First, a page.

Granting Users Full Access to a Mailbox Other Than Their Own
Topic Last Modified: 2006-03-06
Granting a user full access to a mailbox differs from granting access to a folder or granting Send on Behalf of access. Using full access, a user can log on to another user's mailbox and in most respects act as the mailbox owner, as shown in the following figure. This strategy is frequently used to implement resource mailboxes because resource mailboxes do not necessarily have a single effective owner, but must be accessed by a group of users.
There are certain exceptions to what a user with full mailbox access is allowed to do. A user with full mailbox access to another user's mailbox cannot access other mailboxes or folders to which the mailbox owner has permissions. For example, consider the situation in Figure 9.4, where User A logs on to User B's mailbox. Suppose that another user (User C) has granted User B Editor permissions on User C's Calendar folder. Even though User A is logged on to User B's mailbox, User A cannot open User C's Calendar folder. (Such behavior was possible using Exchange Server 5.5 and earlier.)
In addition, a user who has full mailbox access to another user's mailbox does not automatically have the ability to send mail on behalf of that user or to send mail as that user. The administrator must add those rights separately.
Users with full mailbox access to a specific mailbox can also open folders on that mailbox without logging on to it, and can be granted Send on Behalf of permission as well as shown in the following figure.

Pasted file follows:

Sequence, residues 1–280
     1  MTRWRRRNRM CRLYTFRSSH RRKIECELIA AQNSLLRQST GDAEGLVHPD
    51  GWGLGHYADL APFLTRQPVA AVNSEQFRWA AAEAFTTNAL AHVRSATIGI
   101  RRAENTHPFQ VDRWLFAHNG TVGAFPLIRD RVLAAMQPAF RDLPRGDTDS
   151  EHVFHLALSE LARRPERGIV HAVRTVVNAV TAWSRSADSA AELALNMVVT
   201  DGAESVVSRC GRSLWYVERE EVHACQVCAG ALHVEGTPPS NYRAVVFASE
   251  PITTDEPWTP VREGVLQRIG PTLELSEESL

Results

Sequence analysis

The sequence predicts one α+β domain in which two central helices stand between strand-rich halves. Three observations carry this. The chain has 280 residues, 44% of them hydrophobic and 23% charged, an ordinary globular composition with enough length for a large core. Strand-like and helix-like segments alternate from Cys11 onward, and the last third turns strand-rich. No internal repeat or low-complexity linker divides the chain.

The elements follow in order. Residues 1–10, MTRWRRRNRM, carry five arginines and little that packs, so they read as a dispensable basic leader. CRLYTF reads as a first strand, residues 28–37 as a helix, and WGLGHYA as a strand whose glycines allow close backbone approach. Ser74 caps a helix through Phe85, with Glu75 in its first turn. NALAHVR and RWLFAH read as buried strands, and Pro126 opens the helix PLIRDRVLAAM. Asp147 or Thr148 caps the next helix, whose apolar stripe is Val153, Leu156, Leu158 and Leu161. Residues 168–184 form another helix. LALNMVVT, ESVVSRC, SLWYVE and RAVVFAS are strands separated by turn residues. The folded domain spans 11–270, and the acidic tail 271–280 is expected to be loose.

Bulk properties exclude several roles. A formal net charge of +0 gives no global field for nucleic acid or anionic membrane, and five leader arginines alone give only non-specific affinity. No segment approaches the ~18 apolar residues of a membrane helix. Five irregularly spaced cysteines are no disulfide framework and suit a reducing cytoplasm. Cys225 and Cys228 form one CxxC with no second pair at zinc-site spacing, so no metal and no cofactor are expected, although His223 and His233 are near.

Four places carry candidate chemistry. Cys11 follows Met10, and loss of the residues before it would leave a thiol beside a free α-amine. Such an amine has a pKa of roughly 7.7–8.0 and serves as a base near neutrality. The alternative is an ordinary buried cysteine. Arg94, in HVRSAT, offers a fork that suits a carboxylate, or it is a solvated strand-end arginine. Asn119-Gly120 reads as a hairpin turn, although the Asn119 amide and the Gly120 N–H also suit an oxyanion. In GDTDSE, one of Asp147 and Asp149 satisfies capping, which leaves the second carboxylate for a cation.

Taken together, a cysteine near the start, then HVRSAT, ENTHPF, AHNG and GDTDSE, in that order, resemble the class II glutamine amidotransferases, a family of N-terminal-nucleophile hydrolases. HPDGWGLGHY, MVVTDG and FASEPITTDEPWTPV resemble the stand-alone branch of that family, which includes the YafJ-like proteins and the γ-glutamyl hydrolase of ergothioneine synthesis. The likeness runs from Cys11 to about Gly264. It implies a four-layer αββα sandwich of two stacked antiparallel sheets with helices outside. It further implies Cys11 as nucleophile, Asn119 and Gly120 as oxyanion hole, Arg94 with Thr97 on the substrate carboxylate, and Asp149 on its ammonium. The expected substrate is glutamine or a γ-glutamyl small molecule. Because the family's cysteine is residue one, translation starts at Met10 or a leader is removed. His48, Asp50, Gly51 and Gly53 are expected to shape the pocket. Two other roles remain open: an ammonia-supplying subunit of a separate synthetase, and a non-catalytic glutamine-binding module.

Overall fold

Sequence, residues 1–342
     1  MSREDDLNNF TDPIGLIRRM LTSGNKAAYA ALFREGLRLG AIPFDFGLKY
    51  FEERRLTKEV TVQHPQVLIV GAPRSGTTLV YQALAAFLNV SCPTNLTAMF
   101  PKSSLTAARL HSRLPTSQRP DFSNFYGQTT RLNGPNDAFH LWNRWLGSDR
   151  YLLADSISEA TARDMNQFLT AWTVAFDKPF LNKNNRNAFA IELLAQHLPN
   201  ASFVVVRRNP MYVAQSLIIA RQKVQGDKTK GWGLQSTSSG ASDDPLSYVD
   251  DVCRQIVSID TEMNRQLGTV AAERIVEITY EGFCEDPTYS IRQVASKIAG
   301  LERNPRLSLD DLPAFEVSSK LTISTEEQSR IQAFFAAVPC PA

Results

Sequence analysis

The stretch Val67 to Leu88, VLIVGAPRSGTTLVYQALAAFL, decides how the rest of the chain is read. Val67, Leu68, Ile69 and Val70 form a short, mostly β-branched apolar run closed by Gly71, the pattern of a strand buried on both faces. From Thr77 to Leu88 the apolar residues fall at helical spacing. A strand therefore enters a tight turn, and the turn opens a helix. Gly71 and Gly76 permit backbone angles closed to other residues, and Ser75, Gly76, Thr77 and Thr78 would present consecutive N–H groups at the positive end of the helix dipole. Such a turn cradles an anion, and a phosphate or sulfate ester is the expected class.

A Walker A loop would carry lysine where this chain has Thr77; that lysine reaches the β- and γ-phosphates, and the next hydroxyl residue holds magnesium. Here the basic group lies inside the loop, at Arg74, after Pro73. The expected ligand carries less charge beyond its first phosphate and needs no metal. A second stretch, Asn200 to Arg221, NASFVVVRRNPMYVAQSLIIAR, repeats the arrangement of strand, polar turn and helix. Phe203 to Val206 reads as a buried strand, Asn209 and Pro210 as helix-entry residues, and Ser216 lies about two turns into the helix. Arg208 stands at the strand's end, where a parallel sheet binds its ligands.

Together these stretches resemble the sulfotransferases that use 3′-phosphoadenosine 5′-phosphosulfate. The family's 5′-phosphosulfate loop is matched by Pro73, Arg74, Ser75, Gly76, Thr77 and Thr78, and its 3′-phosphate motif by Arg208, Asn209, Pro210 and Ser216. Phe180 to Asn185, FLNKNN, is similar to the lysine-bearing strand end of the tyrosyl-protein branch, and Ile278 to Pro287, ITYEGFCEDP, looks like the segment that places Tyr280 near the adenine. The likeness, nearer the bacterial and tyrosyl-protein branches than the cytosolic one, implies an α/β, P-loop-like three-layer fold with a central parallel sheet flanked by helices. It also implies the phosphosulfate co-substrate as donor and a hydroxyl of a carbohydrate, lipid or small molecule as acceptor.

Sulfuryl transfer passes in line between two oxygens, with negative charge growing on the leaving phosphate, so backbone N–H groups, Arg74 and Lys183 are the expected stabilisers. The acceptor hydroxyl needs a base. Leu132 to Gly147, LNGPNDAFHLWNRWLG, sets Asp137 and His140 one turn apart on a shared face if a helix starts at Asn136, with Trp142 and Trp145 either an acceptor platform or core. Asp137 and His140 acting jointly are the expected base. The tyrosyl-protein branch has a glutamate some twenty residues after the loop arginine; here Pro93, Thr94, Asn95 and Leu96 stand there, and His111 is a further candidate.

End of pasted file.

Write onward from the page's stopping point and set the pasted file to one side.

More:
Only an administrator can grant this type of access, by using Active Directory Users and Computers. To give someone access to another users mailbox, you must have the appropriate permissions to modify user objects in Active Directory. For more information about these permissions, see Windows Help.
For detailed steps about how to give a user full access to another user's mailbox, see How to Give a User Full Access to Another User's Mailbox.
If users can log on to a mailbox (they have Full Mailbox Access permissions), they may also have Send As permissions for the mailbox. These permissions may be granted automatically, or you can grant them manually. With Send As permissions, a user can act as the mailbox owner when sending mail as shown in the following figure. (Mail is sent from the mailbox owner, not on behalf of the mailbox owner.)
If the user that is logged on to a mailbox is the mailbox owner (the user's Security ID is the SID that was associated with the mailbox when it was created), that user automatically has Send As permissions. For any other user that logs on to the mailbox, these permissions are not automatically defined, and you can grant them manually.
|Previous versions and service packs of Exchange Server 2003 have varied in how they implement Send As and Receive As permissions. For more information about when this behavior changed, see the release notes for Microsoft Exchange 2000 Server and its service packs (available in the Microsoft Knowledge Base).|
For detailed steps about how to manually grant Send As permissions to a user with full mailbox access, see How to Manually Grant Send As Permissions to a User with Full Mailbox Access.